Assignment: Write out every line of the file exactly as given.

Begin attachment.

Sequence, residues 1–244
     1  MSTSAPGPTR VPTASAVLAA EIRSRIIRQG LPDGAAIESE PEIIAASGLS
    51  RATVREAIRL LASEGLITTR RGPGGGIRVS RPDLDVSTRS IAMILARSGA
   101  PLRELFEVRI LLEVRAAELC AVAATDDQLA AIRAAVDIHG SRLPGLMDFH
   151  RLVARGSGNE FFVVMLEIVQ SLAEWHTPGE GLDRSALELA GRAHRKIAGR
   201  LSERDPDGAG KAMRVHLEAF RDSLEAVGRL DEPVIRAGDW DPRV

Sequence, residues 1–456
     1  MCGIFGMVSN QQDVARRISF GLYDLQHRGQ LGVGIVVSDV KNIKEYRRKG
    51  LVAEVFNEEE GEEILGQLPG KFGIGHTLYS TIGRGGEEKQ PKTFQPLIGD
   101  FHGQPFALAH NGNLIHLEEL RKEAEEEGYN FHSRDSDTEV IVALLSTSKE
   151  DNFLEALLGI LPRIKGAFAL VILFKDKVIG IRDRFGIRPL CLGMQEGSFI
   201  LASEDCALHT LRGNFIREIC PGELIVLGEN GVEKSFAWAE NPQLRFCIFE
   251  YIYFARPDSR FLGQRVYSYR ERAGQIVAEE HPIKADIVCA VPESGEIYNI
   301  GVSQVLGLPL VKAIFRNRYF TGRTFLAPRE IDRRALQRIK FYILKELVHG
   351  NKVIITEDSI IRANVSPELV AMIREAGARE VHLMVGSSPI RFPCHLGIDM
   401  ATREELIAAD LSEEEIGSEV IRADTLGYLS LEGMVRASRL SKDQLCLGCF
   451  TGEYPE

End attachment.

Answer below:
Sequence, residues 1–244
     1  MSTSAPGPTR VPTASAVLAA EIRSRIIRQG LPDGAAIESE PEIIAASGLS
    51  RATVREAIRL LASEGLITTR RGPGGGIRVS RPDLDVSTRS IAMILARSGA
   101  PLRELFEVRI LLEVRAAELC AVAATDDQLA AIRAAVDIHG SRLPGLMDFH
   151  RLVARGSGNE FFVVMLEIVQ SLAEWHTPGE GLDRSALELA GRAHRKIAGR
   201  LSERDPDGAG KAMRVHLEAF RDSLEAVGRL DEPVIRAGDW DPRV

Sequence, residues 1–456
     1  MCGIFGMVSN QQDVARRISF GLYDLQHRGQ LGVGIVVSDV KNIKEYRRKG
    51  LVAEVFNEEE GEEILGQLPG KFGIGHTLYS TIGRGGEEKQ PKTFQPLIGD
   101  FHGQPFALAH NGNLIHLEEL RKEAEEEGYN FHSRDSDTEV IVALLSTSKE
   151  DNFLEALLGI LPRIKGAFAL VILFKDKVIG IRDRFGIRPL CLGMQEGSFI
   201  LASEDCALHT LRGNFIREIC PGELIVLGEN GVEKSFAWAE NPQLRFCIFE
   251  YIYFARPDSR FLGQRVYSYR ERAGQIVAEE HPIKADIVCA VPESGEIYNI
   301  GVSQVLGLPL VKAIFRNRYF TGRTFLAPRE IDRRALQRIK FYILKELVHG
   351  NKVIITEDSI IRANVSPELV AMIREAGARE VHLMVGSSPI RFPCHLGIDM
   401  ATREELIAAD LSEEEIGSEV IRADTLGYLS LEGMVRASRL SKDQLCLGCF
   451  TGEYPE